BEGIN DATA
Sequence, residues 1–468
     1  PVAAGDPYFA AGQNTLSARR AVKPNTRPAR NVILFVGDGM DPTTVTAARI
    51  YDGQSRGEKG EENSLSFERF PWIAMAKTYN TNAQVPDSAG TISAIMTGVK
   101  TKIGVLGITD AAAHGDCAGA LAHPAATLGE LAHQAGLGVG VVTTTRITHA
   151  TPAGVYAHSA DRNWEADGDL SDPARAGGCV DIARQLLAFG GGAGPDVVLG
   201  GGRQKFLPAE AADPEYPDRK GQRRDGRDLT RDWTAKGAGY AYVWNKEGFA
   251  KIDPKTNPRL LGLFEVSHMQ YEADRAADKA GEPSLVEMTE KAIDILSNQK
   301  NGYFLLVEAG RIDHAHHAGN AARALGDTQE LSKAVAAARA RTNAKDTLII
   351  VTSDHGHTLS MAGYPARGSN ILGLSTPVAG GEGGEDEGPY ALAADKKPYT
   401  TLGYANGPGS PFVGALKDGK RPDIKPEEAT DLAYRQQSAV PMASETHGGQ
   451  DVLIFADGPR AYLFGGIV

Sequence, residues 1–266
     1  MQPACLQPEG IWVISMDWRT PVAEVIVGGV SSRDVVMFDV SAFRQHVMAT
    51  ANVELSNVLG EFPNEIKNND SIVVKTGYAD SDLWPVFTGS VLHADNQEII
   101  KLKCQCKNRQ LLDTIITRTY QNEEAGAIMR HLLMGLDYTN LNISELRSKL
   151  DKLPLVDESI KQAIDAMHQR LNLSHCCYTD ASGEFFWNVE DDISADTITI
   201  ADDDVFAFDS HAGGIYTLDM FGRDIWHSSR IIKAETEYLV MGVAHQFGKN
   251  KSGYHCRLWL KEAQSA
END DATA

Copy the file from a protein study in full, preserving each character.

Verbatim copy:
Sequence, residues 1–468
     1  PVAAGDPYFA AGQNTLSARR AVKPNTRPAR NVILFVGDGM DPTTVTAARI
    51  YDGQSRGEKG EENSLSFERF PWIAMAKTYN TNAQVPDSAG TISAIMTGVK
   101  TKIGVLGITD AAAHGDCAGA LAHPAATLGE LAHQAGLGVG VVTTTRITHA
   151  TPAGVYAHSA DRNWEADGDL SDPARAGGCV DIARQLLAFG GGAGPDVVLG
   201  GGRQKFLPAE AADPEYPDRK GQRRDGRDLT RDWTAKGAGY AYVWNKEGFA
   251  KIDPKTNPRL LGLFEVSHMQ YEADRAADKA GEPSLVEMTE KAIDILSNQK
   301  NGYFLLVEAG RIDHAHHAGN AARALGDTQE LSKAVAAARA RTNAKDTLII
   351  VTSDHGHTLS MAGYPARGSN ILGLSTPVAG GEGGEDEGPY ALAADKKPYT
   401  TLGYANGPGS PFVGALKDGK RPDIKPEEAT DLAYRQQSAV PMASETHGGQ
   451  DVLIFADGPR AYLFGGIV

Sequence, residues 1–266
     1  MQPACLQPEG IWVISMDWRT PVAEVIVGGV SSRDVVMFDV SAFRQHVMAT
    51  ANVELSNVLG EFPNEIKNND SIVVKTGYAD SDLWPVFTGS VLHADNQEII
   101  KLKCQCKNRQ LLDTIITRTY QNEEAGAIMR HLLMGLDYTN LNISELRSKL
   151  DKLPLVDESI KQAIDAMHQR LNLSHCCYTD ASGEFFWNVE DDISADTITI
   201  ADDDVFAFDS HAGGIYTLDM FGRDIWHSSR IIKAETEYLV MGVAHQFGKN
   251  KSGYHCRLWL KEAQSA